The pedestrian appears to have been crossing when the red hand signal was illuminated and the driver did not see her until it was too late.

This should serve as a reminder to all – motorists, cyclists and pedestrians – to obey the lights.

CSL digs out from biggest snowfall in years

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In Côte Saint-Luc we are very proud about how we handled snow clearing

by: Cllr. Mike Cohen

Posted: 18 Mar 2017 02:59 PM PDT

As we continue to dig out from the biggest snow storm the Montreal area has seen in years, I would like to applaud the work done by the City of Côte Saint-Luc`s Public Works Department.

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I have received a great deal of kind comments from residents in regards to how well  we  handled the snow clearing.  In fact, most of the Montreal media praised the work we did on the main roads. Please understand that this is a very difficult task and I was among the motorists on the Thursday morning stuck trying to get past the underpass on Cavendish. It was unavoidable and inconvenient, but later in the day all cleared up

“It was an emotional day for many residents,”  Public Works Director Beatrice Newman reported to city council. “Please help us help your residents understand why things appear to be a certain way while in the background, the city is working fervently to provide safe passage-ways in the city.”

The light on Guelph Road broke Thursday morning and stayed green. This meant that Westminster stayed on a red light. Traffic began to build up, employees rushed to help traffic. Public Security  directed traffic and electricians worked on determining and fixing the light. “Things like this happens when there are drastic changes in weather,” Ms. Newman said.

Cavendish Boulevard was congested, southbound. Our snow removal operations provided clear roads for our residents, but unfortunately once they hit CSL Road and Cavendish, they were faced with congestion. NDG kept their side of Cavendish at one lane. Therefore, our three lanes had to squeeze into their one lane. “Et voilà, major traffic accumulation on Cavendish and  CSL,”  Ms. Newman explained.

Fleet was at one lane from our city right through Hampstead. The objective at first is to clear the road with one lane for access. Then approximately 24 hours later, the blowing began. “We cannot start our operations earlier in the morning or traffic issues would be inevitable,” said Ms. Newman. “Only one lane would still be available in this case. We must consider the safety concerns first. This was not a regular snow storm. This was a blizzard with white out conditions, dangerous road conditions and more. We must have patience. Close to 40 centimeters fell and the process to remove it all will not be quick, we must work efficientlyand safely.”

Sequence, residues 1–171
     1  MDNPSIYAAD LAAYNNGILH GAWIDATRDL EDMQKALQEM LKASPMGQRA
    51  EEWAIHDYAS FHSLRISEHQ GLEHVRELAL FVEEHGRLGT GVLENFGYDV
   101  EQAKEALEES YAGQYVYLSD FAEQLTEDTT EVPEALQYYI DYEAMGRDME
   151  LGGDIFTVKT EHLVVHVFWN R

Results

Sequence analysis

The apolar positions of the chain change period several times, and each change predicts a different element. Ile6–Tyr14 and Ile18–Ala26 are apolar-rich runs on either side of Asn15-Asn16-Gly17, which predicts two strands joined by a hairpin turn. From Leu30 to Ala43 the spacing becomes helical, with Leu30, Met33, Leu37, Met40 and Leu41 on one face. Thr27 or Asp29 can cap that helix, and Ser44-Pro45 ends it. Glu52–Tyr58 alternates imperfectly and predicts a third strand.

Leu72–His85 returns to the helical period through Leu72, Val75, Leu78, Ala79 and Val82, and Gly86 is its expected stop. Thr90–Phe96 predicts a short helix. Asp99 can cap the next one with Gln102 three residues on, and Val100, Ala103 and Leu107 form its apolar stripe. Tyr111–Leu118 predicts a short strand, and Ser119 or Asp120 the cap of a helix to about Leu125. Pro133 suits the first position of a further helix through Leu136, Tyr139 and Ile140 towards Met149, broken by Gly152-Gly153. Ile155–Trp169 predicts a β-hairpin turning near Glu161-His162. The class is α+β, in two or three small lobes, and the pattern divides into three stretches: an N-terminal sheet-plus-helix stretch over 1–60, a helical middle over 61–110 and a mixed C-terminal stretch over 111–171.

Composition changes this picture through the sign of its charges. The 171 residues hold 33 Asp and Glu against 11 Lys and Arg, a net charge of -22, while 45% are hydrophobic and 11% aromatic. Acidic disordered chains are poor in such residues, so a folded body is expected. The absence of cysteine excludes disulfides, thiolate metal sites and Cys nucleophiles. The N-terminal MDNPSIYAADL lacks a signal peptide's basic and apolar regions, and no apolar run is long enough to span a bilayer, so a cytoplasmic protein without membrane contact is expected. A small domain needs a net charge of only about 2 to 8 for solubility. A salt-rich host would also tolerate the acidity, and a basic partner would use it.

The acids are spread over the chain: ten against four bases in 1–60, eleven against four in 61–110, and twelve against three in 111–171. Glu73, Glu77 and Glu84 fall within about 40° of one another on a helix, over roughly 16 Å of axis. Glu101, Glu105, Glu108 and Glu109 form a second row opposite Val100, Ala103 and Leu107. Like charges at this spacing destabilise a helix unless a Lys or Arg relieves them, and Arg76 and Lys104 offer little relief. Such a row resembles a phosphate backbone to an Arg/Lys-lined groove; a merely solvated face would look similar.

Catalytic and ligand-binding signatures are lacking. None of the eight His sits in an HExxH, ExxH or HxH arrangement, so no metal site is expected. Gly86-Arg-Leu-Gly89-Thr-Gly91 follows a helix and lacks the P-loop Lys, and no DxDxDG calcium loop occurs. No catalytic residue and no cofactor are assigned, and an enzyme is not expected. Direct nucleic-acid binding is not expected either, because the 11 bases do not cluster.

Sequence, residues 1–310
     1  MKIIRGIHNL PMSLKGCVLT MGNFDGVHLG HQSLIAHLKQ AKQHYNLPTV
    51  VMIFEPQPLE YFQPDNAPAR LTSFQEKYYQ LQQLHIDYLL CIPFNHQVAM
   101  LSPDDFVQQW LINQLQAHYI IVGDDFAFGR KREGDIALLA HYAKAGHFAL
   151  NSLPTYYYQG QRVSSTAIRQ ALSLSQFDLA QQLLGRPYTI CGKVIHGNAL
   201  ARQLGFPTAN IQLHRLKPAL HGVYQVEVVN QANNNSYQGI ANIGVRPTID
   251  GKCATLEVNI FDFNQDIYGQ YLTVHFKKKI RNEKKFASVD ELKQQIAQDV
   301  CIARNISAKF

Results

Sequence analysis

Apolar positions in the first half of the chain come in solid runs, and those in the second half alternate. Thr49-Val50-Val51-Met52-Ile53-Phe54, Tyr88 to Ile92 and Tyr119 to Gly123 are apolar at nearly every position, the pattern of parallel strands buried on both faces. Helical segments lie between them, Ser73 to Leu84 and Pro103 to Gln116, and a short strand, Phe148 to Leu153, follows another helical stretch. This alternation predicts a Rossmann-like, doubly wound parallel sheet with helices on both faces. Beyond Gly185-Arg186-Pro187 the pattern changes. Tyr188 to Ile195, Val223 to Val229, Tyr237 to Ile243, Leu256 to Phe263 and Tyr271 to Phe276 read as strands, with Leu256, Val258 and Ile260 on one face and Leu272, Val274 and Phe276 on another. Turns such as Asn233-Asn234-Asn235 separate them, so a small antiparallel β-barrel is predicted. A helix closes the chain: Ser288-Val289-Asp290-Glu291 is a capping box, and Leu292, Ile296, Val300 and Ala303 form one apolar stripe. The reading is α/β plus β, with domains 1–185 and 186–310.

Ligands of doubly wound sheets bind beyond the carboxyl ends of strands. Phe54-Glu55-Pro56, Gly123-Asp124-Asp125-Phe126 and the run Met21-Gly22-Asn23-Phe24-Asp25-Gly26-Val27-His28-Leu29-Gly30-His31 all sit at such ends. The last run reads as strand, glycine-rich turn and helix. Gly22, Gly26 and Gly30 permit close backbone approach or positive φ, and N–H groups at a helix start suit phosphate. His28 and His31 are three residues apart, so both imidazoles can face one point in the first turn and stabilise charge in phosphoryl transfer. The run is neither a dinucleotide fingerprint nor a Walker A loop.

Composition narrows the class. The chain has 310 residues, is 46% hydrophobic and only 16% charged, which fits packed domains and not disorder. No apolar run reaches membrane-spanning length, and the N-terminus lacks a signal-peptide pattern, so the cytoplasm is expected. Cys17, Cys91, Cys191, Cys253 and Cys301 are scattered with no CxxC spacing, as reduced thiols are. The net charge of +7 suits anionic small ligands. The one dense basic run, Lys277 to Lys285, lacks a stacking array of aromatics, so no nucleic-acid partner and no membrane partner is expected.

We had five  teams working all day Thursday, five sidewalk cleaners, five loader/blowers, five 10 wheelers, five walkers and two salt trucks remained to follow the contractors as they salted the roads once the contractor blew the snow. Once snow falls on the asphalt  we secure it with abrasives.

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Our snow dump after the storm.

 

Two teams worked at the municipal buildings and one  worked on our special calls such as  snow blown accidentally on personal walkways, emptying public garbage, etc. One  employee was stationed at the snow dump on Marc Chagall in District 2, which now looks like an Olympic ski hill.

The balance of the areas around Yavne, Merton and Maimonides schools were done on Friday.

We are working hard to do our best in operations and customer service.

“In Public Security, our agents have seen their call volume go up by a factor of 2.5,” explained Public Safety Director Jordy Reichson. “Our agents have responded with professionalism and tact despite trying circumstances, horrible road conditions and lots and lots of snow. They have always kept the safety of our residents at the forefront and I have been impressed by their ingenuity and dedication.

“Our Dispatch Centre has been flooded with calls and complaints about everything from traffic to snow removal to cars blocking driveways. Despite being screamed and sworn at, they have maintained their composure and professionalism.”

Mr. Reichson noted that while  we did not activate our emergency plan, we kept it close at hand. We ensured that our evacuation routes remained as accessible as possible and were prepared to activate elements of the plan as required. “Despite what some residents have posted online, our response has been as strong and efficient as it can be,” he said. “ This was not just another storm, but rather an opportunity for our employees to shine and from what I have seen, all have risen to the occasion.